Supply Management Strategy
Software Vendor Finalists
Harley-Davidson is an American motorcycle manufacturer with a rich history and cultural tradition. Founded in 1903 in Milwaukee, WI, Harley just celebrated its 100th anniversary with a series of events around the world that culminated in hundreds of thousands of motorcyclists rallying last summer on the shores of Lake Michigan. In 1929, there were 241 motorcycle manufacturers in the US. After the Depression, only two remained: Harley and Indian. By 1953, Indian went out of business, leaving Harley-Davidson as the only American motorcycle manufacturer. Financial difficulties in the 1970’s led to the parent company, AMF putting the motorcycle division up for sale. Without a buyer, a group of Harley managers bought out the company and rescued it with a business turnaround that included brand extensions into licensed goods, such as apparel and related accessories. Now a publicly owned company, Harley has scored double digit growth for eighteen consecutive years. Harley transformed itself into a strong marketing company with a focus on lifestyle image and product quality.
The case took place in retrospect from 1997-1999. The purpose of the case was to critique the process of selecting a modular ERP system to support supply chain management for this large manufacturing company. Recognizing that the purchasing process for obtaining materials and parts was out of control, management coordinated a project to understand its purchasing process and activities, solicit feedback from the 800 people who would be affected by the new system, and create a complete transformation in thinking and action regarding the procurement and management of incoming supplies. In addition, management wanted to move the company from a short-term transaction purchasing basis to a long-term relationship with suppliers.
In addition to selecting an ERP system, Harley Davidson was interested in developing supplier relationships with key vendors. They wanted the new system to facilitate this development. In the case, the managers went as far as making the distinction between vendor and a supplier indicating that a vendor is someone selling on the street corner and a supplier was an extension of the primary business.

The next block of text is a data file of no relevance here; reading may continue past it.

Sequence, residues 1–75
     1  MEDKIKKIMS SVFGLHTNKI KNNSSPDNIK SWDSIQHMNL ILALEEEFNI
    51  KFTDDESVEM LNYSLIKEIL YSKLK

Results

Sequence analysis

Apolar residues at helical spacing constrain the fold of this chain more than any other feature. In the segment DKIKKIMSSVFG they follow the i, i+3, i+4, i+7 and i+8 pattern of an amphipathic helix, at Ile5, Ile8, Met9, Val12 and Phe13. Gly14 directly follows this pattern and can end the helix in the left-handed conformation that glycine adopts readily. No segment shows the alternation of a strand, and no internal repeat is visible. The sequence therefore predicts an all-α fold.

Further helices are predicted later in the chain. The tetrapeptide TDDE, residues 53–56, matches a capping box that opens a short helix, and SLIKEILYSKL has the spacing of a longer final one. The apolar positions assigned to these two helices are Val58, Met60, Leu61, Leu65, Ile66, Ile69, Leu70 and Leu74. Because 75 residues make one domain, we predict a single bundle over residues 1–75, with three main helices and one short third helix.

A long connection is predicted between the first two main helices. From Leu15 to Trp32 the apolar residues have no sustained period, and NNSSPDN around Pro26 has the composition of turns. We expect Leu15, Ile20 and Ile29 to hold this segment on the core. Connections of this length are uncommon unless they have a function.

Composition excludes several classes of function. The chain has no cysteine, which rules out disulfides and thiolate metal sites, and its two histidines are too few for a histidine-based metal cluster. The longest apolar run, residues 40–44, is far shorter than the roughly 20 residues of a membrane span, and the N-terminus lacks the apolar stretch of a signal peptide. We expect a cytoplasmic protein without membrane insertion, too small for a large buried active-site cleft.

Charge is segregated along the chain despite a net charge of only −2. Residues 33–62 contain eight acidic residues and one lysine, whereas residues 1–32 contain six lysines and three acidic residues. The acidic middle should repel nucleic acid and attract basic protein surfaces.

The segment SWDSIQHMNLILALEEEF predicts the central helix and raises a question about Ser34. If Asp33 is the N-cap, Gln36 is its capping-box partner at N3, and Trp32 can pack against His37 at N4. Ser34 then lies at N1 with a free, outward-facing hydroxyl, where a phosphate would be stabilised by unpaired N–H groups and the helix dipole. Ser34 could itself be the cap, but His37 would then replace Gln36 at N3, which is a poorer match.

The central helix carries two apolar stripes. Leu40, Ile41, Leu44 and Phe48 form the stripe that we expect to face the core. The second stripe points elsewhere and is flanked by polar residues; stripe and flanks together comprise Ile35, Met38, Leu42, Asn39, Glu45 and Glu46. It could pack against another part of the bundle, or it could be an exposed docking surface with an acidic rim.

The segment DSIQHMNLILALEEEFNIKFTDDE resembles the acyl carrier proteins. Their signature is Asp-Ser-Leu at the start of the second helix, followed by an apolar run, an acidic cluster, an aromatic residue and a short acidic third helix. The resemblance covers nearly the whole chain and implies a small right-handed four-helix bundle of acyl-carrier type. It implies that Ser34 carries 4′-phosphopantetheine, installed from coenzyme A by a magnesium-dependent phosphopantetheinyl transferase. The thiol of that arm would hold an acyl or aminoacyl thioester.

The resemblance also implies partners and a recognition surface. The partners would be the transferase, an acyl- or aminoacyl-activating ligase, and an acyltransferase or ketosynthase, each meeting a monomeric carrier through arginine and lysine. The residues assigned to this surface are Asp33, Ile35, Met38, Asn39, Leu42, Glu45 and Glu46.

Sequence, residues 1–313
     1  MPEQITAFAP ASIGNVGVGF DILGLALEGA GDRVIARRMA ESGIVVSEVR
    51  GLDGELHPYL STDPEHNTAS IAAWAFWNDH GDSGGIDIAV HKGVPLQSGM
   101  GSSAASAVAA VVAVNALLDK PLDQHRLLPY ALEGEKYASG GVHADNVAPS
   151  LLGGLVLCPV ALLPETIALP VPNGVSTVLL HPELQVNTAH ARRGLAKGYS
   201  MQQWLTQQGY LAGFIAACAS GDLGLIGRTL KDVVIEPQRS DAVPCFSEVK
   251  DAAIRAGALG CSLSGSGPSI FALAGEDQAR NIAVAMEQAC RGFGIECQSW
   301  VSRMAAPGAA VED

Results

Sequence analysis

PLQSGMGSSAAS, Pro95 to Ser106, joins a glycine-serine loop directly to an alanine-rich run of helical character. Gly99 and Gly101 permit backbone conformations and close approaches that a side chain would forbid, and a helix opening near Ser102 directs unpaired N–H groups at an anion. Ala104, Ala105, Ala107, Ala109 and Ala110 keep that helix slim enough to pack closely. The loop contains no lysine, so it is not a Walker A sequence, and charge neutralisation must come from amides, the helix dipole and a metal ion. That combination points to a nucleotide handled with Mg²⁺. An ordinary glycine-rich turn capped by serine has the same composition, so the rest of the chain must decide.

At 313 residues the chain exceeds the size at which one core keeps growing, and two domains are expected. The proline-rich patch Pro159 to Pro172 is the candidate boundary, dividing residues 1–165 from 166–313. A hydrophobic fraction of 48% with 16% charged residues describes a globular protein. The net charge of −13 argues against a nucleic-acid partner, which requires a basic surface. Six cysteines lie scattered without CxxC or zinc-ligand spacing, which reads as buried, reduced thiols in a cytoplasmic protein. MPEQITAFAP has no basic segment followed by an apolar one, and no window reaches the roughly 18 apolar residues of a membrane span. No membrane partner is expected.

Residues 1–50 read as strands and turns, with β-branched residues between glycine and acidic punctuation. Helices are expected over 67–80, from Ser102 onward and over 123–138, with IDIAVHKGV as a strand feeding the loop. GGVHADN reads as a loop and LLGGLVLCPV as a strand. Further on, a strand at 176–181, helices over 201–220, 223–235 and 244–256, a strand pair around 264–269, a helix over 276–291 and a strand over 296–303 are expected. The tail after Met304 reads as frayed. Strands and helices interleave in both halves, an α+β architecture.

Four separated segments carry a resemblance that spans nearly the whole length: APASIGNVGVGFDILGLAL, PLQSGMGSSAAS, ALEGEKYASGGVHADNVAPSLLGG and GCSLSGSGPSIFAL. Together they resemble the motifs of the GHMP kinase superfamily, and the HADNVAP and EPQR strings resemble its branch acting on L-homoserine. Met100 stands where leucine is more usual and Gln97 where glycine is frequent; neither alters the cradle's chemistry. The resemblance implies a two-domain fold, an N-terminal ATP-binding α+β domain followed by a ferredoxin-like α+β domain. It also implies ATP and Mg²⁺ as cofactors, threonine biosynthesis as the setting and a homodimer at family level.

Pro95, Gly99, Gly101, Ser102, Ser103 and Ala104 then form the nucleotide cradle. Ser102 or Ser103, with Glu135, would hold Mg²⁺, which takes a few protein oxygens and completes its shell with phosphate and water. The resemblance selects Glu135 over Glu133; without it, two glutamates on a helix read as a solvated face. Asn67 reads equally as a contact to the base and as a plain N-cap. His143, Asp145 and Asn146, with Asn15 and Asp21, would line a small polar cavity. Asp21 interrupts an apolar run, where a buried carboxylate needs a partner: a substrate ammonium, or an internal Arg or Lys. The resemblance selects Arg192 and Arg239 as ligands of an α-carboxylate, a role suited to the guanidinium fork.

Supply Management Strategy
The company had highly fragmented purchasing functions. Even though all product development and manufacturing remained in the US, materials represented nearly 75% of product cost. They used different invoices, schedules and procedures in every facility. Suppliers complained that they were dealing with three different companies, sometimes receiving orders from various facilities in the same day. Harley had hundreds of suppliers and no system of coordination or relationship management. Because the company was steeped in cultural traditions of gradual improvement and quality ideology, dramatic change was an unlikely outcome. As in any major software project, the company faced three types of risk with this endeavor; size, experience, and structure. The size of the project determined how much risk was involved in terms of cost, time, and supplier relationships. Switching over to a centralized purchasing system may have resulted disruptions in supplies and production flow, costing the company in lost sales and dealer/customer relationships. Failure of the system to meet the expectations of users would cost the management credibility with employees and suppliers. We do not know the selection process cost. Because this project consisted of only two ERP modules in collaboration and delivery management, it was not as large in size and posed only moderate organizational risk. Harley employees had experience with many different software systems to support...